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Sovereign Funds and Successful Private Equity Firms

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It is a nebulous swamp for private equity firms to navigate nowadays. Fee compression, competition from other public investors, regulatory changes, quality deal flow, and the challenge of raising non-redeemable capital commitments to new and successor private funds are just a few of the tough challenges private equity firms are dealing with. Tighter financing is crimping the buyout industry. The final slap is the anemic IPO market.  Public investors are still upbeat about private equity.  War chests are still being raised.

The model of private equity is slowly morphing, especially as sovereign wealth funds and public pension funds desire a preference to alternative private equity fund structures such as managed accounts, smaller funds, and co-investment vehicles. To go even further, increasingly several large public investors are insourcing their own investment professionals and make direct investments in alternative investments without the use of private equity advisers. Public funds that can compete with compensation packages in the private sector are more likely to build their own internal deal team. It is simple economics. In fact, they may become the private equity firm’s competitors in the long run.

With that being said, what are a few essential factors for being a successful, long-lasting private equity firm in today’s market?[ Content protected for Sovereign Wealth Fund Institute Standard subscribers only. Please subscribe to view content. ]

Atlas Merchant Capital and GIC Scoop Up Stake in Ascensus

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Atlas Merchant Capital LLC and Singapore’s GIC Private Limited acquired just under a 25% equity stake in Dresher, Pennsylvania-based Ascensus, the largest independent recordkeeping services provider, third-party administrator, and government savings facilitator in the United States. San Francisco Genstar Capital LLC and New York-based Aquiline Capital Partners LLC were the sellers of the shares in Ascensus and will maintain control over the company.

Atlas Merchant Capital LLC was founded by Bob Diamond and David Schamis. Diamond is the former group chief executive of Barclays plc.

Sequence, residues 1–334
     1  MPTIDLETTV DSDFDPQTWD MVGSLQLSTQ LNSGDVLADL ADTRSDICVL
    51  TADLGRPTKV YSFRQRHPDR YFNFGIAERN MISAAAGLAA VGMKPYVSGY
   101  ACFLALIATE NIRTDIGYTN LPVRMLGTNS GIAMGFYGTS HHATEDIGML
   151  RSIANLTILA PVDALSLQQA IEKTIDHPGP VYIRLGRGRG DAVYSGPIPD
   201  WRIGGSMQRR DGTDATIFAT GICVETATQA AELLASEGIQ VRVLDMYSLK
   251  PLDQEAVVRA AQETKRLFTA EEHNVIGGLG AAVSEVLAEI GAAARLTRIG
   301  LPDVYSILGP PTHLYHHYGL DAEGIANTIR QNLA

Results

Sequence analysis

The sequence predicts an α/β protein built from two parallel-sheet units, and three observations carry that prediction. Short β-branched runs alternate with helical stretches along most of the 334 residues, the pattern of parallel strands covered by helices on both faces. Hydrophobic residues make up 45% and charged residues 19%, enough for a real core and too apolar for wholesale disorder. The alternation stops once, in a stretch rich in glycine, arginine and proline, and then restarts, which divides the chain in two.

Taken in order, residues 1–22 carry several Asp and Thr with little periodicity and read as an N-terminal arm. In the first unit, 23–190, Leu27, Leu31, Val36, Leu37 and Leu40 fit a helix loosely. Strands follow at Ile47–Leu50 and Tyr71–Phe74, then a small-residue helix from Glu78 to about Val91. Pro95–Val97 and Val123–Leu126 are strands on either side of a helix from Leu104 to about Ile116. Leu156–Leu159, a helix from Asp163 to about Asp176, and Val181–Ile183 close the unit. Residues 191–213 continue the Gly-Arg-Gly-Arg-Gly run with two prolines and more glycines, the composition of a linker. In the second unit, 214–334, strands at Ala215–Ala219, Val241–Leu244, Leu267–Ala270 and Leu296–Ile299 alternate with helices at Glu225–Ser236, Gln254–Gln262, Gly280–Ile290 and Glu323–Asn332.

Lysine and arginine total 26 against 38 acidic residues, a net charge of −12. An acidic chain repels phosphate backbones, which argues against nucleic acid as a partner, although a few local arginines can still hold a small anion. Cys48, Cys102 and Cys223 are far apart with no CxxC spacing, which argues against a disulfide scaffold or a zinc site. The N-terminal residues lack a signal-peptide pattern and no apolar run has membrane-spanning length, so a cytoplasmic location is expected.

GIC is an investor in Alight Solutions, a provider of human capital solutions.

Advisors

Barclays acted as the lead financial advisor and J.P. Morgan acted as financial advisor to Ascensus in connection with this transaction. Willkie Farr & Gallagher LLP acted as legal counsel to Ascensus.

Debevoise & Plimpton LLP acted as legal counsel to Atlas Merchant Capital and Sidley Austin LLP acted as legal counsel to GIC.

In 2015, JC Flowers sold Ascensus to Genstar Capital and Aquiline Capital Partners.

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The Value of Research: Skill, Capacity, and Opportunity

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This article is sponsored by S&P Dow Jones Indices.

How much should a portfolio manager be willing to pay for research? The question is of importance to any manager, but has become particularly pertinent since newly imposed European rules require that the costs of investment research—previously offered by many investment banks as an in-kind consideration in return for brokerage business—be unbundled from trading.

Unfortunately, attempts to determine a fair value for research in the most general circumstances are doomed to fail. Even if we only consider direct recommendations to buy or sell certain securities, the value of such recommendations to a portfolio manager will vary according to the absolute size of positions taken in response. Instead, we provide a framework for estimating relative research values across markets and constituents, under certain stylized (but reasonable) assumptions.

REPORT: The Value of Research: Skill, Capacity, and Opportunity

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Khazanah to Scale Back International Investments, Preps 2019 Dividend

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Malaysia’s Khazanah Nasional Berhad is prepping to declare more than 1 billion MYR in a dividend payout to the Malaysian government for 2019. Khazanah Nasional is undergoing a significant strategy shift to focus more on domestic assets, while selling off venture tech investments, overseas real estate, fund investments, and other non-strategic assets. The wealth fund also plans to scale back its overseas presence in markets such as San Francisco and London.[ Content protected for Sovereign Wealth Fund Institute Standard subscribers only. Please subscribe to view content. ]

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